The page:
“Brush Up” on your Mouth Care Skills


Article Categories: Basic Skills & Activities of Daily Living

Every CNA knows the importance of providing good mouth care to patients. In fact, mouth care is one of the skills which may be tested on the CNA Certification Examination.



Everyone needs good dental care each day. Proper care of the teeth and gums can impact health as much as the medications and treatments your patient receives. It can be easy or challenging, depending on the patient or the situation. If you’re a new CNA, or if it’s been a while since you first learned the basics, take a few minutes to pick up some tips from your colleagues.

Let’s Get Started!

• Get everything ready: toothbrush, toothpaste, a cup of water, and a towel.
• Have good lighting. Unless you can see what you’re doing, you can’t do a thorough job.
• Always tell your patient what you’re going to do.
• Wash your hands and put on gloves.

If the Patient Is Alert:

• When possible, have the patient sit up and participate in the process.
• If giving care to a bed-bound patient, raise the head of the bed to 30 degrees.
• Using the toothbrush, clean the teeth, gums, and tongue.
• Brush the front, top, and back of each tooth.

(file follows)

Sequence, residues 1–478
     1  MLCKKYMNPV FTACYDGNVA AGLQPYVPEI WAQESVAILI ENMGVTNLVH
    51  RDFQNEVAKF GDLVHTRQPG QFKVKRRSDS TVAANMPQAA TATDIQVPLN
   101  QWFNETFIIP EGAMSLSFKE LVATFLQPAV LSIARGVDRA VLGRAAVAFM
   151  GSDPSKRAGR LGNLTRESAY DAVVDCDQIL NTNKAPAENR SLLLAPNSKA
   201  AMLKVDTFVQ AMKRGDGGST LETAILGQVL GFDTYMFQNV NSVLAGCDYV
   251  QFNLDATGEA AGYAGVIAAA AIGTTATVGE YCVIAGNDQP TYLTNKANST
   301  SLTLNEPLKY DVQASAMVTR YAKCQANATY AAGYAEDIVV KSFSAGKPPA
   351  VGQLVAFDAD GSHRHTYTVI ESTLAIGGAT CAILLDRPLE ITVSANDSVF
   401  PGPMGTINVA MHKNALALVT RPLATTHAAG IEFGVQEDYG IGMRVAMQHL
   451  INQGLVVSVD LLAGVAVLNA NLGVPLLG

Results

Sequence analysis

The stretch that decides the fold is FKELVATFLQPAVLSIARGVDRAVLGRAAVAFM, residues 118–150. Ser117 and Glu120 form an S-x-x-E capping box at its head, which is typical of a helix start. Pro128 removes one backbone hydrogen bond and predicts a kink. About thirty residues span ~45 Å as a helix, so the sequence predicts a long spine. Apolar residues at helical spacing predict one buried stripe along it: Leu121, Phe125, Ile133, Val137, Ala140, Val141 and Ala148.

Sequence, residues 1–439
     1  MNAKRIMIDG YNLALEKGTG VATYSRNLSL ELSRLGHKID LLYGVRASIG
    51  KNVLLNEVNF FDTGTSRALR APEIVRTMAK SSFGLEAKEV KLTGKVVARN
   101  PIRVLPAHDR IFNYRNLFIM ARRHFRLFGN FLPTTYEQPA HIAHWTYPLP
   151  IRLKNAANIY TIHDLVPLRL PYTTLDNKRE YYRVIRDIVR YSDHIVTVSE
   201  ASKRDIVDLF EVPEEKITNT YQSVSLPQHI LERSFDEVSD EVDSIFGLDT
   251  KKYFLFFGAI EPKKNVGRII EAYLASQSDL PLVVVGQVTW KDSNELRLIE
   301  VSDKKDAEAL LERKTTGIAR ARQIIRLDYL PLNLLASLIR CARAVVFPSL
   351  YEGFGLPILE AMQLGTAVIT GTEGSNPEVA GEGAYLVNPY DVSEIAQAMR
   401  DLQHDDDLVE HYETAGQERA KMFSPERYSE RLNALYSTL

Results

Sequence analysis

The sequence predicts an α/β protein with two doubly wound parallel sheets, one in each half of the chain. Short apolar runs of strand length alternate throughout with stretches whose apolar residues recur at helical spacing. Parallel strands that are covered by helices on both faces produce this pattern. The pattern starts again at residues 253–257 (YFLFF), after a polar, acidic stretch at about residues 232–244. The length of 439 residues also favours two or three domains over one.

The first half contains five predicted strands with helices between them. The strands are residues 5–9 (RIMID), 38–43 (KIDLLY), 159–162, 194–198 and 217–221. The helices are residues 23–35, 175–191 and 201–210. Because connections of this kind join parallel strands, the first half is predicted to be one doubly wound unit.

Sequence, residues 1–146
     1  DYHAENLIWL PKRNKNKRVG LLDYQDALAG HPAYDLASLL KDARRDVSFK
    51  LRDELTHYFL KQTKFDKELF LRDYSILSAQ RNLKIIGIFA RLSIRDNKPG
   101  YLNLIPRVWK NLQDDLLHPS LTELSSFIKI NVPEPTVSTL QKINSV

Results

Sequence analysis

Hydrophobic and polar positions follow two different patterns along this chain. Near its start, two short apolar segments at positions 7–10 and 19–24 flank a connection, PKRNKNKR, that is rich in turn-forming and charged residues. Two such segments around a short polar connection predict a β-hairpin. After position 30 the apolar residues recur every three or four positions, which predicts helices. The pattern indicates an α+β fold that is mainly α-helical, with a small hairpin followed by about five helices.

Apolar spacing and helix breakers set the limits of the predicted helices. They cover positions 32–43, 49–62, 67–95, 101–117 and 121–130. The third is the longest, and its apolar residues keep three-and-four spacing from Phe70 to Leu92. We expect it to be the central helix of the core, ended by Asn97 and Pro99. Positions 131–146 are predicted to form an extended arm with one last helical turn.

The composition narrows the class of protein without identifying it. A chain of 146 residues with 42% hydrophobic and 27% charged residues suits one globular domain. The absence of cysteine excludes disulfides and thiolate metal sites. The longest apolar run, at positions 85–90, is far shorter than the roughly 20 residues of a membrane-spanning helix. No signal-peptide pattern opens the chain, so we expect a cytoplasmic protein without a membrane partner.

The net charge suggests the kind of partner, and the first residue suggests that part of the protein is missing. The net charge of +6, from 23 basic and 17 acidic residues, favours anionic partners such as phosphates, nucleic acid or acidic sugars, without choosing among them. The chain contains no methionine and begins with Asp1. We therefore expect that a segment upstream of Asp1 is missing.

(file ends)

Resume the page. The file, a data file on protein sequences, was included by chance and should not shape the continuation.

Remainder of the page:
• Help the patient rinse with plain water, swishing a small amount around before spitting it out. If swallowing is a problem, use gauze wrapped around your finger to finish.
• Remove and dispose of the gloves and wash your hands.

If the Patient is Unconscious:

• Raise the bed to a height that will allow you to work comfortably. Elevate the head of the bed to 30 degrees. Drape a towel over the patient’s chest.
• Carefully turn the patient’s head toward you and use a tongue depressor to open the patient’s mouth.
• Gently brush the teeth, gums, and tongue.
• If available, suction the patient’s mouth to remove saliva and toothpaste. If no suction is available, use gauze wrapped around your finger to finish.
• Remove and dispose of the gloves and wash your hands.
• Return bed to previous height and position.

Safety and Such:

• Use only a small amount of toothpaste, about the size of a pea.
• The toothbrush should be soft-bristled to avoid damaging the gums.
• Replace a toothbrush every three months or after a contagious illness.

Tips and Tricks:

• If patient is sitting in a wheelchair, stand behind the patient and use an arm to support the patient’s head.
• Use mouth care time as an opportunity to inspect the patient’s mouth for signs of infection and unusual spots or lesions.
• For dementia patients, keep the process consistent and maintain the same schedule. Allow the patient to hold a favorite object during care.
• Music can be helpful for patients who have dementia or behavior disorders.

Proper mouth care is important to everyone. When a patient is unable to perform the task independently, you not only provide necessary hygiene, you also help your patient feel fresh and clean. With the proper skills and supplies, in a few minutes you can actually improve your patient’s quality of life!

Try reviewing the course material on oral hygiene from our course library.

PLEASE LIKE OR SHARE THIS BLOG ARTICLE ON FACEBOOK

FromComment about document or authorResponse CountryResponse Added

PLEASE LEAVE A COMMENT:
Back to Top